The Uptime Institute is the internationally recognised body that specifies and certifies how Data Center facilities should be designed. It classifies them in four different levels, according to their availability: Tier I, II, III and IV. The precise factor that determines whether a facility is in one level or another is the number of continuous supply sources and the number of emergency supply sources that are available.

To answer the question of how the Uptime Institute classification affects the sizing of the generator sets that are going to be installed, it is important that we understand how this body differentiates between an emergency supply source and an alternative supply source. The former meets the requirements that the Institution classifies as Tier I and Tier II. The latter is the one needed for Data Centers that require Tier III and Tier IV availability levels.

For an energy supply source to be considered alternative and for it to therefore meet the Tier III and IV requirements of the Uptime Institute, it must be able to supply electricity continuously in the event of a power failure in the primary source. This means that a generator set must be of sufficient size to be able to supply continuous power at the required load level without any time limitation. If we consider ISO standard 8528-1:2005, this form of operation would be catalogued as COP (Continuous Operation Power).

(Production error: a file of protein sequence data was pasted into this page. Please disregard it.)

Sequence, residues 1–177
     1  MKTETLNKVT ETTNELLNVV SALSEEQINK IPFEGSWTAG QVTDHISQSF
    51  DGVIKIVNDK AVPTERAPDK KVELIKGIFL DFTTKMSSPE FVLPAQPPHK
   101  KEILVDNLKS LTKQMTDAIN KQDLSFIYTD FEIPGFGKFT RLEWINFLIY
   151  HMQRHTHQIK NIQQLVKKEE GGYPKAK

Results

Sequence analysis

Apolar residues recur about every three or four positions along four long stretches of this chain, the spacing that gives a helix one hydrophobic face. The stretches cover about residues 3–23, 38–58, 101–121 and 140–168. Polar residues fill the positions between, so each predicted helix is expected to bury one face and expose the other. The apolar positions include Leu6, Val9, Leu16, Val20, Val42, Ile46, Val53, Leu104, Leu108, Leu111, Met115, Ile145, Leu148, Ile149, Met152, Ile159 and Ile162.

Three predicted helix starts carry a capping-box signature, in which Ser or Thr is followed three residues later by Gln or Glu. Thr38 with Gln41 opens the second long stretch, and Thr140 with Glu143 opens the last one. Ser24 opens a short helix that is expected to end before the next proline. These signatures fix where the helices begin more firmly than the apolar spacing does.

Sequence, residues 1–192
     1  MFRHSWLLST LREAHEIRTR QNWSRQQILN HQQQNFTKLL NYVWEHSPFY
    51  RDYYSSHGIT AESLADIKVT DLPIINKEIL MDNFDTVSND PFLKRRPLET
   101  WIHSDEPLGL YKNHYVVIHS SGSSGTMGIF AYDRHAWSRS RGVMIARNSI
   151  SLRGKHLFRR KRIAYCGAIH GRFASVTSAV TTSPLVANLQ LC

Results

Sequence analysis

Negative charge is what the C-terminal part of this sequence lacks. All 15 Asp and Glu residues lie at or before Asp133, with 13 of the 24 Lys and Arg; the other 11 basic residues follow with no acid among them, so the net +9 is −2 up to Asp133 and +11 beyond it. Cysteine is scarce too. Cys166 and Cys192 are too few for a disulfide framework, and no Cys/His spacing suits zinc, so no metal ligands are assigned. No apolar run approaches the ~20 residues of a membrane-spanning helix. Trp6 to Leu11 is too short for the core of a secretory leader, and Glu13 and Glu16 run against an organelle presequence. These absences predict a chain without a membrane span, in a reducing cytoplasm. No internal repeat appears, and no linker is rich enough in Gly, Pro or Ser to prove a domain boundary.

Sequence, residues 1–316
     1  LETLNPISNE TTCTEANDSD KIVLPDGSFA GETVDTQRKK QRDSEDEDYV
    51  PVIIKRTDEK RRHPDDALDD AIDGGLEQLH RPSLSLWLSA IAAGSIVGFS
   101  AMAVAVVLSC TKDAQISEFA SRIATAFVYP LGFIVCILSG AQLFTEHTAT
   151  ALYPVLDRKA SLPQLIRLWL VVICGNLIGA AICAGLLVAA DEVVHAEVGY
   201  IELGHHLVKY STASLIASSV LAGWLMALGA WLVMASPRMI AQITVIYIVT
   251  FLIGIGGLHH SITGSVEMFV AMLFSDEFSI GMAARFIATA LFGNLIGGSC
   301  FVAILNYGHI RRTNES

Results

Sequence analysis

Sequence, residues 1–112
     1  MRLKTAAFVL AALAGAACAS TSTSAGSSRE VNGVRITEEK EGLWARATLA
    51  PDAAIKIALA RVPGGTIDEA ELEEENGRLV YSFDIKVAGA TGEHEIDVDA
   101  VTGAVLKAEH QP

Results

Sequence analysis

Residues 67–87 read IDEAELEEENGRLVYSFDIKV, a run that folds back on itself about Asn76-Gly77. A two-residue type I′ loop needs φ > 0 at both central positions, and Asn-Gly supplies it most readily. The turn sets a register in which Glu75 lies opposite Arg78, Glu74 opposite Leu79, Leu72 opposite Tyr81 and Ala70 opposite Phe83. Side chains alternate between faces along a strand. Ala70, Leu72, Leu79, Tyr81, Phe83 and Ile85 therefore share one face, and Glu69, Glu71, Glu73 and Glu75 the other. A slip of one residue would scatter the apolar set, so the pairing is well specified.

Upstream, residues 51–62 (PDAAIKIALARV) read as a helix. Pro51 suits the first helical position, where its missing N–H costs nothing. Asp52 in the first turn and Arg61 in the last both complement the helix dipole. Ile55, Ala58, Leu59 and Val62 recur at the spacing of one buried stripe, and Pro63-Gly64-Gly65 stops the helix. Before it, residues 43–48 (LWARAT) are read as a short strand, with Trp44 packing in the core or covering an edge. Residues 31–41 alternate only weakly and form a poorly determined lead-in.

Why not size the sets in accordance with their declared COP?

Given that we already have a declaration of continuous power operation, why not use it? The power declared for the COP of an engine is around 80-90% of the nominal or prime power. Sizing generator sets in line with their COP implies having to choose larger engines with the corresponding increase in the cost of the engines themselves and in the costs that derive from their needing more installation space and more cooling.

Not only that, the engine would not be working at its most efficient load point, which is around 100% of its power. That is why, in order to be more competitive in the market and to save the end client unnecessary costs, the leading manufacturers of diesel engines for power generation have added a new power declaration, the Data Center Continuous (DCC). In the majority of cases this coincides with its PRP declaration as per ISO 8528-1:2005, in other words, 100% power, but with one difference: in this case it is supplied continuously. After a statistical study of the probabilities of failure and taking into account the experience in existing facilities, these same manufacturers have determined that, in countries with a stable grid, the frequency with which emergency gensets enter into operation is minimal and when this occurs it is for a very short time period. For this reason they are able to allow a high load percentage on their engines during operation.

How does this new DCC power declaration tally with the requirements of the Uptime Institute?